It is not unusual to encounter horses and their riders on our roads.
Horse-riders have little protection from other vehicles and horses may behave unpredictably at times.
Crashes with horses typically involve:
- High speed roads – 70 km/h speed zones and above.
- Outer suburbs or rural areas.
- A vehicle hitting the horse from behind or side-swiping a horse as the vehicle overtakes.
- The horse being spooked or bolting.
- The horse straying from a paddock or enclosure.
What can motorists do to minimise risk?
- Watch out for horses being led or driven on the road – leave as much space as possible to allow for unexpected movements by the horse.
- Take extra care on bends, crests and on narrow roads, particularly in areas close to horse riding schools, trail ride businesses and on rural roads.
- Slow down when passing a horse so your vehicle does not startle the horse, and allow plenty of room when overtaking.
- Don’t use your car horn around horses – it will startle even the most placid horse.
- Allow for inexperienced horse riders – especially young children.
What can horse-riders do to enhance their safety on the road?
As a horse-rider, you should:
- know and obey the Australian Road Rules
- ride on the left hand side of the road with the flow of the traffic
- use clear hand signals
- wear an approved helmet and footwear safe for horse riding
- wear fluorescent clothing during the day and reflective clothing if you ride in the early mornings or evenings when the light is poor
- always ‘look, check, and look again’ - the lifesaver look
- where possible, use horse trails and horse crossings
- if you’re an inexperienced rider, always be accompanied by experienced rider/horse combinations when in road-related areas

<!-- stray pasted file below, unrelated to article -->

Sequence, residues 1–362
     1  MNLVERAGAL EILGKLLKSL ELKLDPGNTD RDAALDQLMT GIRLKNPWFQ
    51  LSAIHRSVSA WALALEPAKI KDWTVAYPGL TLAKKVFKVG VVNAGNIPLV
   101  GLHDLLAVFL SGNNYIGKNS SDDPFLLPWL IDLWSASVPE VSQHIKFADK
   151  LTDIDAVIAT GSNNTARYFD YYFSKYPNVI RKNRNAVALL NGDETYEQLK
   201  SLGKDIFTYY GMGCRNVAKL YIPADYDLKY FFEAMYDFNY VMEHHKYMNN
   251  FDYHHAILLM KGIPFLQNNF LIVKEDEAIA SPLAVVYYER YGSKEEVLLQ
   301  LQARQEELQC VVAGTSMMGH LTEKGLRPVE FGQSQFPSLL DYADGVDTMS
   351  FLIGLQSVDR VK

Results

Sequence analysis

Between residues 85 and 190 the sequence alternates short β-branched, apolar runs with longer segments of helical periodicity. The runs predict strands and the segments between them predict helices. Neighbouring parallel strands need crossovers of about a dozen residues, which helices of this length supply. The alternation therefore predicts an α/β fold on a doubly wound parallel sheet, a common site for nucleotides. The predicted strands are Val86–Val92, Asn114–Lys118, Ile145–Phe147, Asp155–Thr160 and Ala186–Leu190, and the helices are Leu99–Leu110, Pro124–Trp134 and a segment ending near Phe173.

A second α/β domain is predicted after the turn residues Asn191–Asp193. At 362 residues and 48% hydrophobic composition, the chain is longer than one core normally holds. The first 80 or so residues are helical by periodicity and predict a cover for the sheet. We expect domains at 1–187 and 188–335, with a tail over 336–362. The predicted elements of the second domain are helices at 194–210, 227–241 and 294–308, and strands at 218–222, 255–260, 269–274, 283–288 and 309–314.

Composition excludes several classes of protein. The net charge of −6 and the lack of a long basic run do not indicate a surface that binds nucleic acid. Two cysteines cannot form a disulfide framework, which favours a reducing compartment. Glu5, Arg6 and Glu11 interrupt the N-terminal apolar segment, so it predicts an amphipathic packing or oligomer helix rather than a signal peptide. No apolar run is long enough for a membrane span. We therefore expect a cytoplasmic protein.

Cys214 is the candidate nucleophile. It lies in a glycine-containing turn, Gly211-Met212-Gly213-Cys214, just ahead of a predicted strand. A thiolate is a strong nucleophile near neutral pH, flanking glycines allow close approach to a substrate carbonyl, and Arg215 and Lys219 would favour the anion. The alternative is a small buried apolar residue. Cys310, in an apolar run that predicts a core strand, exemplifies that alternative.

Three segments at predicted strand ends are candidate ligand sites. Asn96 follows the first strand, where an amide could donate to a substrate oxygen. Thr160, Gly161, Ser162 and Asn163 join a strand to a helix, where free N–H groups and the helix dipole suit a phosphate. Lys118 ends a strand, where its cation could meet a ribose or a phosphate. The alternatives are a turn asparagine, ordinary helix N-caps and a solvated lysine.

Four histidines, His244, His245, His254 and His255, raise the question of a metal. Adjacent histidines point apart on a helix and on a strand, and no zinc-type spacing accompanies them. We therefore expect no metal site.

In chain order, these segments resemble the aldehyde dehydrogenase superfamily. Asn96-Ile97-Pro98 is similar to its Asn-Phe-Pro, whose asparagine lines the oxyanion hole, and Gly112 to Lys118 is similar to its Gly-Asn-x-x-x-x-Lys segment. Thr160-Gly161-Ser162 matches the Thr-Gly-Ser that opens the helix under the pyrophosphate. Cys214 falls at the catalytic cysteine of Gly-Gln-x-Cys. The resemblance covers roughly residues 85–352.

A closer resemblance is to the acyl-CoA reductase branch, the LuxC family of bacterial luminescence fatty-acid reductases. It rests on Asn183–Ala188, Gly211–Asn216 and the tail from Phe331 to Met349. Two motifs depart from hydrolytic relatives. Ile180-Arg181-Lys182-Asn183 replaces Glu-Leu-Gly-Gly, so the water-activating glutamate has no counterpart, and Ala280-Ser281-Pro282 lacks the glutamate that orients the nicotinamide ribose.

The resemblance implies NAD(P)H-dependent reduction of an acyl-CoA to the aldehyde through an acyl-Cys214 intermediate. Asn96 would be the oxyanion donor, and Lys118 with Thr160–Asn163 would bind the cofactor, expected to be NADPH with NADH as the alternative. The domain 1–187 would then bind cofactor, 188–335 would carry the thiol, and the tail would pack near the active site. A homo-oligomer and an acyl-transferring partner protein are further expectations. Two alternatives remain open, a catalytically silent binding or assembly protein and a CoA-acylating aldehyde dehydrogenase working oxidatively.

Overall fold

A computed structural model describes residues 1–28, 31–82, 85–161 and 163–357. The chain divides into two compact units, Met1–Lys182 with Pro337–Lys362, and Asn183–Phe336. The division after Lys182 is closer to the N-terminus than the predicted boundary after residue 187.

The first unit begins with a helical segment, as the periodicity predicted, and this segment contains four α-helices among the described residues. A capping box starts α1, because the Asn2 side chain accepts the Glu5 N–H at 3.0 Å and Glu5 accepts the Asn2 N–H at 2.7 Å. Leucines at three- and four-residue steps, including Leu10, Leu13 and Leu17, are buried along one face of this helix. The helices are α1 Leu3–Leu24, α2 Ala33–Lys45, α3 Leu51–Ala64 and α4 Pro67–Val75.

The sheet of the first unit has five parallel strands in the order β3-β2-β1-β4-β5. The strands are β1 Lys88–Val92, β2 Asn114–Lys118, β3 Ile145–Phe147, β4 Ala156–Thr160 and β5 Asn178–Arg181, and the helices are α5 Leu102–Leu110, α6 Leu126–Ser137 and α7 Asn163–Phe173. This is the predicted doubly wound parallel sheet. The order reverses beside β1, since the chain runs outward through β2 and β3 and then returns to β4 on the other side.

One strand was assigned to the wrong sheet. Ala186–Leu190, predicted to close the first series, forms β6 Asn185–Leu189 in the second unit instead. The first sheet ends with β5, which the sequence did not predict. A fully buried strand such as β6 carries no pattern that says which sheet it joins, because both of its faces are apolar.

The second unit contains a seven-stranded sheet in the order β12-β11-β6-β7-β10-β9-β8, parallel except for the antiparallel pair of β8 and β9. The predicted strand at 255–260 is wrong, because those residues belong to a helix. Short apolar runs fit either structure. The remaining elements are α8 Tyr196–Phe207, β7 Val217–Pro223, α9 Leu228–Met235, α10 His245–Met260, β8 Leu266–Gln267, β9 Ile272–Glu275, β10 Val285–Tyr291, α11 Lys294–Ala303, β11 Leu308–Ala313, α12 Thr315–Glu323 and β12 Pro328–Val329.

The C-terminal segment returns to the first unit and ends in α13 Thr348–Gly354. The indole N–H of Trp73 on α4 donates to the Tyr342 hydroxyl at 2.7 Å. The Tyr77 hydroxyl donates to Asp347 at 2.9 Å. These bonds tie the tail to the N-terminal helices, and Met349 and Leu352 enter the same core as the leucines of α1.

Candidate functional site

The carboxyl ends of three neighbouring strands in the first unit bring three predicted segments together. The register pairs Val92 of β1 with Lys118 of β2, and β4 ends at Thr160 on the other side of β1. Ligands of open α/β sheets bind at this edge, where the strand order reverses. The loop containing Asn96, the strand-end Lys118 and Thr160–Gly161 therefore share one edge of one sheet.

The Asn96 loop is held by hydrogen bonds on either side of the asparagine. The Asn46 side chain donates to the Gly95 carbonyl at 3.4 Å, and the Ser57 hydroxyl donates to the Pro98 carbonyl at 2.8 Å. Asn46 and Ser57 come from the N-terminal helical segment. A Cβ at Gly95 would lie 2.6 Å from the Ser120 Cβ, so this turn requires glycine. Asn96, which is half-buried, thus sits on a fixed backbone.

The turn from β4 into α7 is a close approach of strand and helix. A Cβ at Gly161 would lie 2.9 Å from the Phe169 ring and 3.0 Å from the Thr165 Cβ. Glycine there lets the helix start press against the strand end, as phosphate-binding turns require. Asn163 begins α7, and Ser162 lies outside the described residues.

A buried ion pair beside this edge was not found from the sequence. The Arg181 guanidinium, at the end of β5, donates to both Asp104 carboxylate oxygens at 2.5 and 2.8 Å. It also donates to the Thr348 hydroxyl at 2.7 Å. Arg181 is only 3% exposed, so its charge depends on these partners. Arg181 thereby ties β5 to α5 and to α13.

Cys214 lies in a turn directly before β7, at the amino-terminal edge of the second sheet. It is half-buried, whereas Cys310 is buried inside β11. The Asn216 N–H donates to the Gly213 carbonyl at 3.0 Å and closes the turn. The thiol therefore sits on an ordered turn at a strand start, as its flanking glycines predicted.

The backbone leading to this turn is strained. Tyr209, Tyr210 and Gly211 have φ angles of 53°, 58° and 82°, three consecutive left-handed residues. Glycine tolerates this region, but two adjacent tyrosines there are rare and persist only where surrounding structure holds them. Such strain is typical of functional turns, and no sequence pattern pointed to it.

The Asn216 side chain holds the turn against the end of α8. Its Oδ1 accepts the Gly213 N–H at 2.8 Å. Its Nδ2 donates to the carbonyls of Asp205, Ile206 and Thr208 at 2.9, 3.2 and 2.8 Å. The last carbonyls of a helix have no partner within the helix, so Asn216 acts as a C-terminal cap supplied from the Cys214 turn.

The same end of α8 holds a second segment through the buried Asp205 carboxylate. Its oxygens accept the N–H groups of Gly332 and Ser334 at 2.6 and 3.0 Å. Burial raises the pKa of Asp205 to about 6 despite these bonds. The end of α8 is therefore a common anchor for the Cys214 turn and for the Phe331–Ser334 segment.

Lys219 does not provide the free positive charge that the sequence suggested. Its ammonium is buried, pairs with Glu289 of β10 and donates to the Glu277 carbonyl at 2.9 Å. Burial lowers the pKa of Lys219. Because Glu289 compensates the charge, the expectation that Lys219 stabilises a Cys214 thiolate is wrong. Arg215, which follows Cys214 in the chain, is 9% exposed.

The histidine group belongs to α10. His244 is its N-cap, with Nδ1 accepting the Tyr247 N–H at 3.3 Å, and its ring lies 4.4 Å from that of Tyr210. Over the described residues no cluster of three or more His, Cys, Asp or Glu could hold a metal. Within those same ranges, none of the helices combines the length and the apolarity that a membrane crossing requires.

- ride single file or two-abreast
- ride carefully and be a courteous road user
- if you are involved in an incident on the road, report it
- always ride with a positive attitude.
What the Law says
Under the Australian Road Rules, horses are regarded as a vehicle and riders are subject to the same road rule as apply to other drivers. However there are some specific additional rules including:
- Horses are allowed on footpaths and nature strips, unless specifically prohibited.
Horse riders must give way to any pedestrian on a footpath or nature strip.
- If you are riding two-abreast with another rider, you must not ride more than 1.5m apart. This will allow other road users room to overtake safely.
- Lights on animal drawn vehicles – when ridden at night or in conditions of reduced visibility they must display a white light on each side at the front of the vehicle, a red light on each side at the rear (visible for 200m) and be fitted with a red reflector towards the rear of each side of the vehicle.
- A person must not lead an animal while also driving a motor vehicle or riding a bicycle.
A horse is considered to be a vehicle and therefore permitted to be ridden on the road, horse-riders are subject to the same penalties for road traffic offences as other drivers.
Australian Road Rules